The majority of charities reviewed by the Information Commissioner’s Office as part of a voluntary programme did not carry out routine data-protection compliance checks, the regulator has found.
Eight charities took part in voluntary information risk reviews carried out by the ICO between December and February, which found both areas of good practice and areas of concern.
An ICO spokesman declined to name the charities reviewed, but said they were not among the 13 charities that were fined by the ICO in December 2016 and April 2017 for breaches of data regulations.
But all of the eight were organisations at which the ICO had identified concerns during its investigation of the sector between 2015 and 2017, but not serious enough to warrant fines.
"As a demonstration of their commitment to improving their practices, the eight charities agreed to let us come in and audit their practices around data protection and direct marketing," the spokesman said.
"This also helped to demonstrate that the ICO’s engagement with charities was not just about fines and enforcement, but to encourage genuine, ongoing improvements in the wider sector."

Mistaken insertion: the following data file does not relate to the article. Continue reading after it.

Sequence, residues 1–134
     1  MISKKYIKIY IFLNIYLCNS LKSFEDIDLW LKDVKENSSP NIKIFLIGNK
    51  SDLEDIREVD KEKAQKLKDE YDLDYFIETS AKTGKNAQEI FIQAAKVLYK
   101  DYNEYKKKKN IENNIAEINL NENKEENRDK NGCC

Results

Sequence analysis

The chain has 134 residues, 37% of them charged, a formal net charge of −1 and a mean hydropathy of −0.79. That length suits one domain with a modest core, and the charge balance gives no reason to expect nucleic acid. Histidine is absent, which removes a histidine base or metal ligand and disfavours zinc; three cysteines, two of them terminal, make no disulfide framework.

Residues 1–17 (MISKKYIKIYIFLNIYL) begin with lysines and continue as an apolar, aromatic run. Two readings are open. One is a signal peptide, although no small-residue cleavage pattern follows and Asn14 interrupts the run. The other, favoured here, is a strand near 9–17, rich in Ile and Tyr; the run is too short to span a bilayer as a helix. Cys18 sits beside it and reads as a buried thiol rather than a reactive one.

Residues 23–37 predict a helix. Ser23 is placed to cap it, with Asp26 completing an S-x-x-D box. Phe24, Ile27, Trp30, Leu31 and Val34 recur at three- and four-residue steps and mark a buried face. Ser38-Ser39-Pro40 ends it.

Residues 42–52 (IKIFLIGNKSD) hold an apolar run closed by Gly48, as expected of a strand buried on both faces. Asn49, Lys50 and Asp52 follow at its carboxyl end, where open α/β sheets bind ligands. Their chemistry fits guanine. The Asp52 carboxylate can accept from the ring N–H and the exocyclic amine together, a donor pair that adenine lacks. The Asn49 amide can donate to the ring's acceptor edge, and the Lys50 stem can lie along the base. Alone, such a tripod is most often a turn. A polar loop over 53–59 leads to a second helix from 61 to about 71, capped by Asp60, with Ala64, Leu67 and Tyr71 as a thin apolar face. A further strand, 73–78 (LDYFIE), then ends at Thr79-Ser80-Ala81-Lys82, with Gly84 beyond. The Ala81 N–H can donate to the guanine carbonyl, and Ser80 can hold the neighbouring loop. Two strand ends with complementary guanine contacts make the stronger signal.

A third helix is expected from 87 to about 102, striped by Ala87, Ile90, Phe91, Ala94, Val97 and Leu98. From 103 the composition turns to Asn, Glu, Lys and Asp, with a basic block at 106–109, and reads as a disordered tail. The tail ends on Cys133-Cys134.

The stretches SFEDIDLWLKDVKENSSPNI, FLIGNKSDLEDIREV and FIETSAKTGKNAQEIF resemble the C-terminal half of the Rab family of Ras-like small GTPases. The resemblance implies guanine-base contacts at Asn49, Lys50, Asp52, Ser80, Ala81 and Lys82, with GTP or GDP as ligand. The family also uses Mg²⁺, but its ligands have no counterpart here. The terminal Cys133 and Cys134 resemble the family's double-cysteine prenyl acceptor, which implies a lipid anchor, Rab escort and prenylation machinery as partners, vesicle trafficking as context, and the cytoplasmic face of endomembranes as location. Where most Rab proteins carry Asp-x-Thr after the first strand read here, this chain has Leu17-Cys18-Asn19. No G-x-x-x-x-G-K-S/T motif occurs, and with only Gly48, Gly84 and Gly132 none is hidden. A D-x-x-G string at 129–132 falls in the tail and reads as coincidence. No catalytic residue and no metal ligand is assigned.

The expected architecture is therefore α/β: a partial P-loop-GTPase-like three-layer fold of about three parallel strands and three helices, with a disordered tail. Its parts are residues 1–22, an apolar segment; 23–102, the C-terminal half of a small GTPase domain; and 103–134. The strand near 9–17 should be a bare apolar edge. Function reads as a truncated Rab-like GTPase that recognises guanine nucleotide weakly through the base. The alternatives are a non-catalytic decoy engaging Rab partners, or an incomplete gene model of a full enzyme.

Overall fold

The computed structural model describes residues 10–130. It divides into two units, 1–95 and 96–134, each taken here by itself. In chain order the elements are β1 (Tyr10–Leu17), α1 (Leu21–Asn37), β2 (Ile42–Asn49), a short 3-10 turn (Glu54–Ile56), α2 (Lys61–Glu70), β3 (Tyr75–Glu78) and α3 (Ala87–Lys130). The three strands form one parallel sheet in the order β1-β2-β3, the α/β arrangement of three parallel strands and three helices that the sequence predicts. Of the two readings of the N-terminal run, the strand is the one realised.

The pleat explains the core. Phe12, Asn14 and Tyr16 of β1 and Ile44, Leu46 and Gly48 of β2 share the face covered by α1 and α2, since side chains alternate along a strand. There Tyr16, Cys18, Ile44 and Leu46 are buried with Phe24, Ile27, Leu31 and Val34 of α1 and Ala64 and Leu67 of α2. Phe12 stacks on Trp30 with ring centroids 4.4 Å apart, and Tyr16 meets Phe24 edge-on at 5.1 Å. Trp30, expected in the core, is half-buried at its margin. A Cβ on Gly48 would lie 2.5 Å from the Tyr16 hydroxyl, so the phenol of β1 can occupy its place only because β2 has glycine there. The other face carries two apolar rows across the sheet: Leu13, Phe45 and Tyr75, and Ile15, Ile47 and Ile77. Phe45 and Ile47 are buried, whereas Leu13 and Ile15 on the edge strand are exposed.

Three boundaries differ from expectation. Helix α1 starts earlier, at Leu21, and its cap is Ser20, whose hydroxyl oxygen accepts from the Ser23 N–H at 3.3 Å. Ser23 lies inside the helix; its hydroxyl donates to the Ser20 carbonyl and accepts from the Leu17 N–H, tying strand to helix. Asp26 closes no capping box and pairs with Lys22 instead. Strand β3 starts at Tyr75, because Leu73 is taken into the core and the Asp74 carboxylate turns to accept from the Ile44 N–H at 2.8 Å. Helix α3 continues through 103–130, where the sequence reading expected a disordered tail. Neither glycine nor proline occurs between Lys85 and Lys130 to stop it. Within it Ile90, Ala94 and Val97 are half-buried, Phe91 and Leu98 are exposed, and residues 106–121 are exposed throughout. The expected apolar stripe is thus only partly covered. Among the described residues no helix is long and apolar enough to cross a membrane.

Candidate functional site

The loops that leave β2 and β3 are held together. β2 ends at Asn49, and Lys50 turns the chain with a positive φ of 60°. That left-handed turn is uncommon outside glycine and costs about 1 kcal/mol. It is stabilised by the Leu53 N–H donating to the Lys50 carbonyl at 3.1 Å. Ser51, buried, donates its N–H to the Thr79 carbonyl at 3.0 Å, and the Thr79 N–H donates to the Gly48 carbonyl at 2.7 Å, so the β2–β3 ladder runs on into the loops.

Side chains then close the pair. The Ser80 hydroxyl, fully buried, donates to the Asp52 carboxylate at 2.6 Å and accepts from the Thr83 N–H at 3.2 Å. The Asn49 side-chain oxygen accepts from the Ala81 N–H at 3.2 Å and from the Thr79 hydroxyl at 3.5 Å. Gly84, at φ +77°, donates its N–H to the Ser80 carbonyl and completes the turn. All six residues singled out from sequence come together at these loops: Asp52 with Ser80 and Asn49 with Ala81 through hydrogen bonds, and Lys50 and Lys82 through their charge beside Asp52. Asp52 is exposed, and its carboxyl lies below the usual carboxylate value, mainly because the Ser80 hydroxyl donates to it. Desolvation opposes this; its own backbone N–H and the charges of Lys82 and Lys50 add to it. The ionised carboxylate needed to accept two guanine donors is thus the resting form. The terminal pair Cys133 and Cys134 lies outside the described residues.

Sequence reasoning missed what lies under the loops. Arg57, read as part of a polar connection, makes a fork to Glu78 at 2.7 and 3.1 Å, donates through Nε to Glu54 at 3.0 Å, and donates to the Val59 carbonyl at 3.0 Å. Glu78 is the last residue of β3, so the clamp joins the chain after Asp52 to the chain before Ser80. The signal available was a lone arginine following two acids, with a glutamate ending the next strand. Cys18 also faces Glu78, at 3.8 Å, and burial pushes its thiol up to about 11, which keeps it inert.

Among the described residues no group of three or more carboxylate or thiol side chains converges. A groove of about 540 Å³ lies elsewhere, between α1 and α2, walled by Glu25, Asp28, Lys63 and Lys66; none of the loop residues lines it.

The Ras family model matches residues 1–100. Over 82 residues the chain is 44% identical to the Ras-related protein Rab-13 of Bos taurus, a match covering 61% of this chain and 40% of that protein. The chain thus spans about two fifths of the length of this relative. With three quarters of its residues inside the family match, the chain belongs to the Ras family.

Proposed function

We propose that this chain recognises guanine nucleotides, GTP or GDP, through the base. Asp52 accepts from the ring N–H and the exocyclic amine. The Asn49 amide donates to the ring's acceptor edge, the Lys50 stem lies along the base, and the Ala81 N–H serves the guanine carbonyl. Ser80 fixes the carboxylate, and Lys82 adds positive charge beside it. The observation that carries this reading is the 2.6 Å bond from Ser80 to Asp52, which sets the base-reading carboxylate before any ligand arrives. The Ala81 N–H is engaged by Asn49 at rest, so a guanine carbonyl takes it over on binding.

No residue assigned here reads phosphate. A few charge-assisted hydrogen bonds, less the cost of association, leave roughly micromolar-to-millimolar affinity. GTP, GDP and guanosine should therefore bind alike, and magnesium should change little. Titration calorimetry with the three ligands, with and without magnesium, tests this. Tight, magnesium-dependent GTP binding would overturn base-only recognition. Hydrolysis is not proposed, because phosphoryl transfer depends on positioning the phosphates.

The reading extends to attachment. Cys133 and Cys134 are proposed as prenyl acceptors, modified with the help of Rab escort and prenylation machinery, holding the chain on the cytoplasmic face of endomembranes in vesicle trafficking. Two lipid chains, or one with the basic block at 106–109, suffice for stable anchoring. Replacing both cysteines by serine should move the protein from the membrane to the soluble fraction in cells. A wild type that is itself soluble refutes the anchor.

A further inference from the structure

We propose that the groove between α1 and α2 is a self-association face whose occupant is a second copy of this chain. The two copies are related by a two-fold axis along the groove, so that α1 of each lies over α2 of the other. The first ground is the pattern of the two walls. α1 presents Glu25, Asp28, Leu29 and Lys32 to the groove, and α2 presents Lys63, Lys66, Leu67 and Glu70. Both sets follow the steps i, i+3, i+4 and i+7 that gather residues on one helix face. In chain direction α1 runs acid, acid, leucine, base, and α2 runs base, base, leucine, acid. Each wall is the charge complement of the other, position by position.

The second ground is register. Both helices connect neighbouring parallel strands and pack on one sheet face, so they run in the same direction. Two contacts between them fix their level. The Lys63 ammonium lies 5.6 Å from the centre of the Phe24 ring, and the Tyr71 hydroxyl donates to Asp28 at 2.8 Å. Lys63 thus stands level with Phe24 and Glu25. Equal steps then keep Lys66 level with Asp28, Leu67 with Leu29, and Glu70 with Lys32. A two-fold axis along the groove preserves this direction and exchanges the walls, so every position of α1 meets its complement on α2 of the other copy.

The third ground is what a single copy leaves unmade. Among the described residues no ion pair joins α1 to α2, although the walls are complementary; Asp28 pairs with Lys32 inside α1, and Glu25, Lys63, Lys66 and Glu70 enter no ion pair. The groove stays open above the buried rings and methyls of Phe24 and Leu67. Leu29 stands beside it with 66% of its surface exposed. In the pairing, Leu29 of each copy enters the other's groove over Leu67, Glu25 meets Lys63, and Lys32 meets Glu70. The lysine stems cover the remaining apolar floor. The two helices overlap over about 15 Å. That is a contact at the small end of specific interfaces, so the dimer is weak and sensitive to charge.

The report, released this week, says all the charities had clear governance structures in place and had either appointed data protection officers or were in the process of appointing them.
It said most charities had moved to an opt-in approach to marketing consent and, where they were relying on consent to process data, the consent was sufficiently explicit, as required by the General Data Protection Regulation, providing separate check boxes for each type of communication.
But it also says the ICO found areas that could be improved. The majority did not carry out routine data-compliance checks and did not include them in their internal audit programmes. Not all of them had key information governance policies in place and many did not effectively communicate data protection responsibilities to staff.
The ICO spokesman said: "The ICO plans more work in the coming months to further encourage improvements in the sector."